But Capizzi contends that Cocoa Beach needs the parking revenue it receives to help pay for the relatively large percentage of police calls it receives tied to tourists visiting the area. He also objects to Tobia singling out the money in the proposed Cocoa Beach city budget for repairs to the city’s skate park, saying the repairs are needed to improve the safety of that facility.

Furthermore, Capizzi said many Cocoa Beach residents who don’t directly benefit from tourism spending would rather the county stop promoting the city to tourists.

“The residents couldn’t care less if the tourists come here,” Capizzi said.

After hearing about the County Commission discussion, Cocoa Beach commissioners voted 4-1 on Thursday to not fund any of the 2024-25 lifeguard costs.

More: Brevard County moves to shift cost of lifeguard protection to municipalities

Public comment issues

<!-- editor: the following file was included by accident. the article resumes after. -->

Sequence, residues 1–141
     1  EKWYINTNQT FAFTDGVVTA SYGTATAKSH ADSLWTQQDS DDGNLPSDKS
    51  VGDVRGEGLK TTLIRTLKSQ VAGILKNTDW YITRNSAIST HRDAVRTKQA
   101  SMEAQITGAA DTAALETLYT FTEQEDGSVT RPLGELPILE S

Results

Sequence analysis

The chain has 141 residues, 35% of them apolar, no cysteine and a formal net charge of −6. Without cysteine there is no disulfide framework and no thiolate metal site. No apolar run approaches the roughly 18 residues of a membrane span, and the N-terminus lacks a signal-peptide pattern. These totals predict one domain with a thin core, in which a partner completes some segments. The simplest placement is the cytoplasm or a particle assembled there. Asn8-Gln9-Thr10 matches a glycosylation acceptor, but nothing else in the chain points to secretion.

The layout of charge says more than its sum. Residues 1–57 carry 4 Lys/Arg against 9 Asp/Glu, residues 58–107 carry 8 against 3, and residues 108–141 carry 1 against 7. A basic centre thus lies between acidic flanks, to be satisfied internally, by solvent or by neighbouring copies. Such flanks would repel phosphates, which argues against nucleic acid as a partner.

Capizzi said he and other city officials would have attended the county budget workshop — if they knew Tobia was bringing up his proposal and that it would come up for a vote.

“He didn’t give us a chance to even be there for it,” Capizzi said. “They pushed something through without public input. This whole thing kind of stinks.”

Cocoa resident Kristin Lortie was among the members of the public at the county budget workshop. She filled out a speaker card to discuss the lifeguard issue, but was not allowed to speak until the general public comment period at the end of the workshop. She then sent a formal objection to County Attorney Morris Richardson, protesting the County Commission’s vote without allowing public comment beforehand.

Unlike a regular County Commission meeting, during which residents are able to put in speaker cards on all agenda items, the budget workshop gives the public only one opportunity to speak — at the end of the meeting.

Richardson said this complies with state statute, because residents will get other opportunities to address the County Commission on the lifeguard issue, including during two county budget hearings in September.